I love both the premise and the delivery of this series of books. The whole series of ‘Little People, Big Dreams’ books should be a staple of all primary/elementary schools. This is a really accessible introduction to historical figures.
Each book seems to be a good length and an excellent introduction to important figures from history pitched perfectly for young readers. There’s just enough information here to peak a young readers interest without overwhelming them. These books would serve as an excellent introductory piece for a topic or as a good framework for children to write their own non-fiction texts.
As for this specific book, I found it a decent introduction to Harriet Tubman and would use this if I wanted to introduce this subject area in class. I don’t think this is the standout title in the series but it adds some depth and ensures the inclusion of an area which is rarely looked at in UK schools.
Taken purely on face value this is a nice little story about a young child who wants to be an inventor. The illustrations are all nice enough but the narrative and pictures aren’t really enough to make this stand out on their own.
The reason I would recommend this book over many others however is that it serves an important role in promoting a lot of great values children can learn from at an early age.
In the first instance, this book features a girl (Audrey) aspiring to be an inventor and as such immediately stands out as a way to help normalise a view of gender equality is STEM areas of study. Secondly, when Audrey encounters difficulties, she never stops trying. So straight away we have a book focusing on perseverance and breaking down gender barriers. Add to this the fact that Audrey appears to come from a single parent family and that she delivers the kind of humour that would appeal to children aged 4-7 years old and what we have here is a perfect little picture book for an early years or KS1 classroom.
I chose to read this book purely on the basis that the cover image is exactly the sort of book I would have chosen way back when I was in the target age bracket for this book. It reminded me (as do many of the book’s illustrations) of the sort of films I loved as a kid like Fieval Goes West, Basil the Great Mouse Detective and The Rescuers. I think the early 1990’s childhood version of myself would have been happy with this book choice. It’s a nice little story with some adventure and exploration. Exactly what I would have wanted from a book.
Nowadays, as a teacher approaching this book, my main preoccupations are how it could be used with a class or a group of children. I am happy then to be able to say that this book would definitely be of use in class.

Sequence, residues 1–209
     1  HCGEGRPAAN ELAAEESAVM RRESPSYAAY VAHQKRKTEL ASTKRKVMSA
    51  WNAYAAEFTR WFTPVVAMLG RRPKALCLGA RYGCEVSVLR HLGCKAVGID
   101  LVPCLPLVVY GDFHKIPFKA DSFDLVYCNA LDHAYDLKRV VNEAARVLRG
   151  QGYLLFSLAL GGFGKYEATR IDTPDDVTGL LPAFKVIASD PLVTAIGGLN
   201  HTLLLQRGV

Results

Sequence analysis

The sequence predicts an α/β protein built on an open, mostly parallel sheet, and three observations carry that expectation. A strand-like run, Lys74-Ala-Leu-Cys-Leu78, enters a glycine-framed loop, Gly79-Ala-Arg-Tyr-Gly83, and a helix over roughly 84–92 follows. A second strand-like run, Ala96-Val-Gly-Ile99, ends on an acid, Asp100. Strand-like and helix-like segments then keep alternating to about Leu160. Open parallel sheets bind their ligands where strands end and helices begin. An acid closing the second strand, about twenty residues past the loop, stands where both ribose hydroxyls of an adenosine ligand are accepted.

There’s a range of topics this book could help with from design and technology (design your own spaceship?) to science and maths (space, transport and there’s even a lovely image relating to reflection – brings to mind the fable of a greedy dog and a bone seeing its own reflection actually).
So, this book would ordinarily get 4 stars for being useful, interesting and a definite must have for KS1 classrooms. However, it sneaks in a bonus star for its final page. It ends with ideas for comprehension questions, ideas for inspiring writing and even a plan for an art lesson follow up. That’s a feature always appreciated in books for educators!
This is a really charming little picture book. The illustrations are all cute and a little quirky.
The actual story being told here is a little basic but it does still have a nice underlying tale of unusual but enduring friendship. There’s a little lesson for younger children in there about getting along and appreciating one another which is all fine.
The reason this book gets a four star rating is for the artwork it could inspire in children. This could easily be used to generate paintings for use when teaching a whole range of topics. I would use this book as a jumping off point for teaching painting and colour mixing techniques for reception/year 1, seasons, friendships (SEAL type learning), animals and habitats or as a story board to inspire children’s own writing.
Any book for children that is so easily adaptable for teaching is a good book by my ratings. The fact that this one happens to feature some cute little critters is just a bonus.
This is a timely publication with the current level of interest there is in ocean conservation and hits the right marks in the discussion points at the end of the book which could be explored further with children. This makes this book an ideal jumping off point if you were looking to do a topic or study into recycling or the environment. This would be an excellent book choice for younger children if a school wanted to introduce a green/environmental focus to their setting.